In some cases, fetishising corpses could be a way of owning that experience, in the same way that some sexual assault victims enjoy consensual rape roleplay. The sexuality brings an element of power and control to a concept which otherwise makes us feel helpless.
Additionally, necrophilia can be a way of preserving life after death, at least symbolically. Especially for those who love their corpses—sexual activity can be intensely humanizing, in the right circumstances. By involving a corpse in one’s fantasies, the cadaver can become a participant.
In these ways, necrophilia can be a reaction to our natural fear of death.
Fear of Intimacy or Judgement
Have you ever worried that you’re bad at sex, or that your partner doesn’t actually like you? Maybe you’ve struggled to find a partner in the first place.
Even without the power element, necrophilia offers an escape from the complexities of human sexual interaction. In a society which writes elaborate, unspoken rules about courting and sexuality—and neglects to offer an instruction manual—the prospect of sex with a sentient partner can be intimidating, or might even seem unattainable.
A corpse can’t judge your sexual ability. It can’t say no, nor can it suffer the psychological trauma of sexual assault.
“I’ve experience my fair share of rejection. I was a very isolated as a child, and even if I weren’t a necro, I think I’d still be different from from my peers. But I’ve made friends in the necro community. The fantasy itself comforts me, because it reduces that anxiety I feel around living people. I’ve even had my first sexual experience with a necro friend. It wasn’t perfect, but when he was playing dead, I really got into the fantasy. Hell, I didn’t feel judged even when he wasn’t playing dead. That acceptance was something I’d never really felt before.”
Yes, the internet’s ability to “bubble” people can lead to online hate groups and extreme bipartisanism, but it also offers support for harmless individuals who just need somewhere to talk, without being judged or diagnosed.
The necrophilia communities I visited didn’t seem particularly radical—I was surprised to find that members of necro forums didn’t encourage others to indulge their fantasies. There were no discussions about how to become a mortician, and members generally supported each other in finding safe outlets for their desires.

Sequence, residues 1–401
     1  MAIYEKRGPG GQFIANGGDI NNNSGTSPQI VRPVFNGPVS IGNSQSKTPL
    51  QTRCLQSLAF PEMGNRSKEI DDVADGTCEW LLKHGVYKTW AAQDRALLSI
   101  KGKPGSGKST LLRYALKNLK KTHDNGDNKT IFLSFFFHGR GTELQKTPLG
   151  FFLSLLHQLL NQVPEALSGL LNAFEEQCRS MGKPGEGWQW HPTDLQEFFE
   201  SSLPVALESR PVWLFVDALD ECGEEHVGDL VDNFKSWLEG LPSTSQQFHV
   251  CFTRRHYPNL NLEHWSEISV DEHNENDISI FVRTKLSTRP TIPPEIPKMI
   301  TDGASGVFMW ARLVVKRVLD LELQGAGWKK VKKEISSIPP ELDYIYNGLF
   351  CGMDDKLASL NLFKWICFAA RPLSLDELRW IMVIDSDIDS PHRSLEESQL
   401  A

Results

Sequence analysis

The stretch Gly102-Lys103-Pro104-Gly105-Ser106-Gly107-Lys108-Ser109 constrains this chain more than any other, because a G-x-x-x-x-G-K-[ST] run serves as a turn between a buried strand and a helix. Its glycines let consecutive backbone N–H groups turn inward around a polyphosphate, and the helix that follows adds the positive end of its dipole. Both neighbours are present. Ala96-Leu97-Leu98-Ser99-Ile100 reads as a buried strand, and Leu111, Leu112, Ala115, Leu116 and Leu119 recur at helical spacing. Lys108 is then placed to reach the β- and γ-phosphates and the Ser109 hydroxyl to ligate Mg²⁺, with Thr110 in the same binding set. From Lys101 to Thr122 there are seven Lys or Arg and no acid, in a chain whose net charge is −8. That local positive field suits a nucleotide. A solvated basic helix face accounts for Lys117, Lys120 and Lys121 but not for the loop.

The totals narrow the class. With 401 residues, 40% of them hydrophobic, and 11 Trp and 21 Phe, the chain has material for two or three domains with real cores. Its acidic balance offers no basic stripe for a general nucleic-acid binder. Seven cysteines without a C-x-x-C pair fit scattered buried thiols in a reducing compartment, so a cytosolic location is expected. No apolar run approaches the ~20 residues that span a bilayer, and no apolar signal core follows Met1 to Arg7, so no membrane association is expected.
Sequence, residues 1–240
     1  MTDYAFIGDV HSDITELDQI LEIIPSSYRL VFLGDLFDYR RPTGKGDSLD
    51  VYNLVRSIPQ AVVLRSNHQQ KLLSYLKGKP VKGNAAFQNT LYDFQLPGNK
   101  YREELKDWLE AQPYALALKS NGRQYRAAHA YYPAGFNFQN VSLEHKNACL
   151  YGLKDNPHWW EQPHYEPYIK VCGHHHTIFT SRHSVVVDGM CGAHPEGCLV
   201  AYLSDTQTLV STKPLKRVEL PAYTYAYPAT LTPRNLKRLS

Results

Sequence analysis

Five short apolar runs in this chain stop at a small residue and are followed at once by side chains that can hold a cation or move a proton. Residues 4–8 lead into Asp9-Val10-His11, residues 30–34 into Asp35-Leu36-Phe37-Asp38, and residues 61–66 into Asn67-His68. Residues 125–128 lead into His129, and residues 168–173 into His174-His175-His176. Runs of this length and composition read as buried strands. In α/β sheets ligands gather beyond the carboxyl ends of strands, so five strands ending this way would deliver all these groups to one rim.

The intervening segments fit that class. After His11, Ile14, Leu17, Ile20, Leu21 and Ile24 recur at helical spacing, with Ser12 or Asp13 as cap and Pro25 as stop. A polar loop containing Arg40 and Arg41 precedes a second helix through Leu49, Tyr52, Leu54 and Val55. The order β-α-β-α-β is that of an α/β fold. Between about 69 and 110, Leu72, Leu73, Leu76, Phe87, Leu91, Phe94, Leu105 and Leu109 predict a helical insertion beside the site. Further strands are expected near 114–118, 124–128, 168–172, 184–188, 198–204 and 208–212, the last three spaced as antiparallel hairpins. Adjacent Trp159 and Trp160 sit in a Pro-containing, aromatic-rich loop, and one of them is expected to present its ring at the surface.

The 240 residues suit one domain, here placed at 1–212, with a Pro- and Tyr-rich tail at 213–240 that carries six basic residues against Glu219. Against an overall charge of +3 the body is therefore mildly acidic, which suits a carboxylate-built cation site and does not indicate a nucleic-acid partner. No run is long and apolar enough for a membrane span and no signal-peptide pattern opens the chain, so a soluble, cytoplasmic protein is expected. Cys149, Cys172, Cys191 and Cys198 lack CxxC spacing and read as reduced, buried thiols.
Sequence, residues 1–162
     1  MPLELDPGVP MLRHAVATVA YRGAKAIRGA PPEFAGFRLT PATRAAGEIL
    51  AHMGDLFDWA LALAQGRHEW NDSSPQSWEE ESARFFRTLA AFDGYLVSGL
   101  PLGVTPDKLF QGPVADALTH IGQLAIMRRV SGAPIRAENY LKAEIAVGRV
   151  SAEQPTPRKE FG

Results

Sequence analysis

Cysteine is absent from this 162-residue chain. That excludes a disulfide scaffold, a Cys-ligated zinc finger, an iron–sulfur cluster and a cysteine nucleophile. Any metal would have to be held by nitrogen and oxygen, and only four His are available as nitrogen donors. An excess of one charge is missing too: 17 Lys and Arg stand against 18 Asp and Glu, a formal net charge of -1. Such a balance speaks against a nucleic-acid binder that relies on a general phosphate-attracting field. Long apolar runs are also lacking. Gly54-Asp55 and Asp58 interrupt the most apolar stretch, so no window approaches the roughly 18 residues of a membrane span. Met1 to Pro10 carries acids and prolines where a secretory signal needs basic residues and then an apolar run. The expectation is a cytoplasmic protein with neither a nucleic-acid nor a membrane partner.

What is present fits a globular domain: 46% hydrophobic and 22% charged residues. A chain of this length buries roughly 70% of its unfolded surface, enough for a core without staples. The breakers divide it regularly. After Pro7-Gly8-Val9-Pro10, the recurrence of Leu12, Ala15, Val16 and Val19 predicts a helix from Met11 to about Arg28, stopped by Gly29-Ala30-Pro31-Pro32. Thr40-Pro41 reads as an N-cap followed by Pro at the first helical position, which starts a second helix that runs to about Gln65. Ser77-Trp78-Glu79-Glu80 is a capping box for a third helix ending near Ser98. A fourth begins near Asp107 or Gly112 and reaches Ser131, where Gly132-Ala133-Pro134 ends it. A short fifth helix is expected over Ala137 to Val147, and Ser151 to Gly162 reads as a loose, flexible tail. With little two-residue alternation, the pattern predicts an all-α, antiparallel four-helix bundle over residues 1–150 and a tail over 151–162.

If the majority of necrophiliacs never ‘desecrate’ a corpse, why the intense social stigma? Users offered a few possible explanations. Here’s a brief summary:
We’re hardwired to avoid the dead, in order to avoid disease. Anyone who has sex with the dead is therefore seen as ‘unclean.’
Our cultural and religious history considers cadavers sacred
Humans are unable to dissociate a body from its inhabitant
Only murderous necrophiliacs appear in popular culture
Images or discussion of death are uncommon in modern society, increasing the taboo
These are valid reasons, but in the end, a corpse can’t experience pain or trauma. If the necrophiliac is comfortable with their kink, who actually suffers? It could be argued that when someone has sex with a deceased partner, the only victims—the only people who suffer—are any third parties who find out about it.
This is all well and good, but necrophiliacs are rare. We have plenty of more pressing social issues to worry about, so why bother attempting to understand people who want to have sex with cadavers?
Consider this post by a necro forum member:
“I've lived my life believing I'm seriously screwed up, but I've never really understood my condition and the norms that are supposedly relevant to it. The necrophile is stereotyped as a predacious, mentally ill sicko, whose intent is to murder and perform sex on their victims. But necros are just people, and many of us go above and beyond to exhibit moral behavior, maybe to ‘make up’ for our fantasies. We're often people lacking confidence or enveloped in insecurities, but that doesn’t make us murderers.”
Most necrophiliacs are intensely troubled.
If we don’t step outside our comfort zones and embrace empathy, perhaps that make us a little less like them…but a little more like Dahmer.
Ezra Blake’s debut novel, Claustrophilia, gets inside the mind of a benign necrophiliac, and explores what happens when he’s forced to live out his fantasies.